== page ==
Referring to the drawing, there is shown a cable in accordance with the invention. The cable core comprises three conductors 10 stranded together and rounded up with fillers 12. Suitable fillers include jute, synthetic or natural rubber and polypropylene. Each phase conductor consists of a plurality of soft, bare or tinned copper wires 14 surrounded by a first semi-conducting shield 16. The shield 16 is surrounded by a thick layer of insulating material 18 itself covered with a second semi-conducting shield 20. Finally, copper tapes 22 are applied over the shield 20. For low voltage cables, shields 16 and 20 and copper tapes 22 are not required. The insulating material 18 may consist of ethylene-propylene rubber, crossed-linked polyethylene, butyl or other suitable insulating materials. The semi-conducting shields 16 and 20 may consist of the same material as the insulation 18 but containing a predetermined amount of carbon black to render the insulation semi-conducting and so constitute a shield for the conductor in known manner. The semi-conducting shields 16 and 20 may also be a semi-conducting tape. The above disclosed conductors and fillers are conventional and may be manufactured following well-known techniques. It is also to be understood that the design of the above cable core may vary and that the invention is not limited to the above diclosed cable core.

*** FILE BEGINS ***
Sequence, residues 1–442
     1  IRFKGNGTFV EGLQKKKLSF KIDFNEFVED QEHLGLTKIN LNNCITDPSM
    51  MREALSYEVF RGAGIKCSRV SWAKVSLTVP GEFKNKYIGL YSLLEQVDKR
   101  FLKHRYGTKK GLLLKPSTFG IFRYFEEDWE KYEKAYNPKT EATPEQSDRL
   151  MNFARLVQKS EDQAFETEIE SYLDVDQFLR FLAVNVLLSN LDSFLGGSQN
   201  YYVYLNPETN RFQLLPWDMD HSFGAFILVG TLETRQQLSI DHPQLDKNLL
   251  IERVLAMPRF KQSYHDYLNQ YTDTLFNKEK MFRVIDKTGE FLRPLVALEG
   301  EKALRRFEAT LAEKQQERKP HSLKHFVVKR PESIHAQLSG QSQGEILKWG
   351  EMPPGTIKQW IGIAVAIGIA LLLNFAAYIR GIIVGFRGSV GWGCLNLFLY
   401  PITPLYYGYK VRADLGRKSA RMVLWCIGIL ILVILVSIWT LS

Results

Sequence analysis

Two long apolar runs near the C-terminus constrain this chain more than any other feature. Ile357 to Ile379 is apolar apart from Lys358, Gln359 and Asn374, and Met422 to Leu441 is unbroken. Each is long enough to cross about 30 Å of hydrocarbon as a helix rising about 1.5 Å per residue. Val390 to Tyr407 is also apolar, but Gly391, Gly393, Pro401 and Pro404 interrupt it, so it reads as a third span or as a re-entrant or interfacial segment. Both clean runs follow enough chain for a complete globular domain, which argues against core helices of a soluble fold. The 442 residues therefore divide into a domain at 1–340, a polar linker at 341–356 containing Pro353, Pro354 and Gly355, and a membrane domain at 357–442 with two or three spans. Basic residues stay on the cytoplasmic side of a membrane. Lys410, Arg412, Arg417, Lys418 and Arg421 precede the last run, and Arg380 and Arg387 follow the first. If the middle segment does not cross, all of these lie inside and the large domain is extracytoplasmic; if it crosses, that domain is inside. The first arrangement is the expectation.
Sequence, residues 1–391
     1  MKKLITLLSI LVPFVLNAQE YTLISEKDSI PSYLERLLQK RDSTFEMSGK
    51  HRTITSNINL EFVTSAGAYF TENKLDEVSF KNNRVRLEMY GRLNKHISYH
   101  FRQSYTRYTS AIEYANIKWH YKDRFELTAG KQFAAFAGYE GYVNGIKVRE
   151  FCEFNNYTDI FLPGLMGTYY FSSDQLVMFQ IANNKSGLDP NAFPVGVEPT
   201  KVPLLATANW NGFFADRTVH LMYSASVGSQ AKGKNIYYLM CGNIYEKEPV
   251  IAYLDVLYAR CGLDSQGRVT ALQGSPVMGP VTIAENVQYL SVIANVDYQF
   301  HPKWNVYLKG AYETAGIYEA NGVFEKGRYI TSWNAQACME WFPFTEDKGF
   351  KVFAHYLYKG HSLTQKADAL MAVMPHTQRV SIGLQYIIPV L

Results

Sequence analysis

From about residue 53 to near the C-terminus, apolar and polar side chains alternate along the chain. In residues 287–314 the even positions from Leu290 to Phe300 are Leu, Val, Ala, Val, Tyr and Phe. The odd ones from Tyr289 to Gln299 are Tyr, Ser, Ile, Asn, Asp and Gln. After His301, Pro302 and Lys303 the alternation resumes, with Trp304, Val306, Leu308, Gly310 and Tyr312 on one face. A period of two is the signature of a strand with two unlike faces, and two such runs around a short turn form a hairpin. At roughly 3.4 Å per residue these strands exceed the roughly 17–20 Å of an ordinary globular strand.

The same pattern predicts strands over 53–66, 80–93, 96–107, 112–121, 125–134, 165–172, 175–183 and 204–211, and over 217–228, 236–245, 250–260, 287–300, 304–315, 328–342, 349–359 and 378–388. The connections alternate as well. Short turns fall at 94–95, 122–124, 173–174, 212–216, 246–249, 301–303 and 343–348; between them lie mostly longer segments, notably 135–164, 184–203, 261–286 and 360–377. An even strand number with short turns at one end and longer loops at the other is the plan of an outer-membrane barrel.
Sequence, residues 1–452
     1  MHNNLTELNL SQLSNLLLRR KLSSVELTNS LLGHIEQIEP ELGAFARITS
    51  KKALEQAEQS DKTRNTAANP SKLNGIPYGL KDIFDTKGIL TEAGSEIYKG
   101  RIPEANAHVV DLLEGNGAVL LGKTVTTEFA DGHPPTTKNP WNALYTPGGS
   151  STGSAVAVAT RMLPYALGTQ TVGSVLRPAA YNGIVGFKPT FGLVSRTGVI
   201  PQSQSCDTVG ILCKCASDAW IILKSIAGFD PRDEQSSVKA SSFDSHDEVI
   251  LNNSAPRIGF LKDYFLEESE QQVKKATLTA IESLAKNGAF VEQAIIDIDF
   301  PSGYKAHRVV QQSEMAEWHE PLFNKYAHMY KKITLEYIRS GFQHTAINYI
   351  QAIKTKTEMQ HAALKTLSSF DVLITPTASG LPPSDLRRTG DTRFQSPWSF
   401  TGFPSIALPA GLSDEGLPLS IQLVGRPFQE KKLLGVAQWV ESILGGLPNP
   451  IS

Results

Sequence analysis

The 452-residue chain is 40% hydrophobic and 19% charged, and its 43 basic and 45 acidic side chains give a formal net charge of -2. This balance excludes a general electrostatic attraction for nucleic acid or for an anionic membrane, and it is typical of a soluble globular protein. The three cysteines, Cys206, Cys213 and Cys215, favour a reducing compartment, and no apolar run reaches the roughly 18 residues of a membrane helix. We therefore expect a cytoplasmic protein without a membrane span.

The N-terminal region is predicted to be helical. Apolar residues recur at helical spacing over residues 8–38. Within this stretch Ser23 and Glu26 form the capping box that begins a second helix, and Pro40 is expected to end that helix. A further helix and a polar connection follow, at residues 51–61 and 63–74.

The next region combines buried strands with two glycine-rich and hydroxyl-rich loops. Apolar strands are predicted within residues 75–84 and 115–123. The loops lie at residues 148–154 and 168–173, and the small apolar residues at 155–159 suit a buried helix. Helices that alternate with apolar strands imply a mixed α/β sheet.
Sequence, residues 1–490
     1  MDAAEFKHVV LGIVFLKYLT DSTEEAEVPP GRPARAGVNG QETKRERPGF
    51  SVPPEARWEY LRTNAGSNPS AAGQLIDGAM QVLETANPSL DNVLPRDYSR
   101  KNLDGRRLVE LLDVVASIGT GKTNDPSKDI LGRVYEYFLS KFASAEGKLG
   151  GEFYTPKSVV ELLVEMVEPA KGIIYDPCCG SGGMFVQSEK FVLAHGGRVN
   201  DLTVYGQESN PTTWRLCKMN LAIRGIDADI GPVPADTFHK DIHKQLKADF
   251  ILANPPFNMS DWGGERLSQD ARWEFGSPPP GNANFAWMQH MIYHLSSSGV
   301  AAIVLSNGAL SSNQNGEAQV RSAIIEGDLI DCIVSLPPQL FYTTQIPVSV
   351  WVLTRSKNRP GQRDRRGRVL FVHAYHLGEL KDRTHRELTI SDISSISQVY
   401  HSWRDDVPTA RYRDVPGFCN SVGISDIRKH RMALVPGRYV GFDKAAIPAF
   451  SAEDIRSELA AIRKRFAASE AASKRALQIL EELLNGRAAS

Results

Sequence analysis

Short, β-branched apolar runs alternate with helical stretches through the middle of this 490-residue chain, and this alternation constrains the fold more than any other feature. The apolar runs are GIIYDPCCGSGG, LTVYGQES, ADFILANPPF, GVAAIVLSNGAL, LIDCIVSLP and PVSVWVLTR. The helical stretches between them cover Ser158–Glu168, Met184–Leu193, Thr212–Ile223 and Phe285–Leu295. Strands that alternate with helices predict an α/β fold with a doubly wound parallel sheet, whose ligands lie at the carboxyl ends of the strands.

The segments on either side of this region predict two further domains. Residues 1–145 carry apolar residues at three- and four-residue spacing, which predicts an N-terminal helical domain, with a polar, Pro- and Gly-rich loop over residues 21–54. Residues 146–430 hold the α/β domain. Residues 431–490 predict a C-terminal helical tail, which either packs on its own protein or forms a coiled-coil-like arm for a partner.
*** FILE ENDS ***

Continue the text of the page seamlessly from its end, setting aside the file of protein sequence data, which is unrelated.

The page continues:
The cable core so far disclosed is covered by an outer jacket 24 provided with two diametrically opposed sections 26 of increased thickness. Such jacket may be made of thermoplastic material such as polyvinyl chloride, polyethylene, or polyurethane, or of thermosetting material such as neoprene, chlorosulphonated polyethylene, or natural rubber. Two cable supporting members in the form of wire ropes 28 are totally embedded into each portion 26 of the jacket. Such wire ropes may be made of galvanized steel and preferably consist of plural elementary strands wound around a central strand, each strand comprising plural individual wires twisted together. It is to be understood that the number of strands depends on the size and weight of the cable. The number of wire ropes in the jacket also depends on the size and weight of the cable.

It is also to be understood that the thickness of the jacket 24 varies with the size of the cable and that the thickness of the section 26 of the cable also depends on the size of the wire rope embedded into it.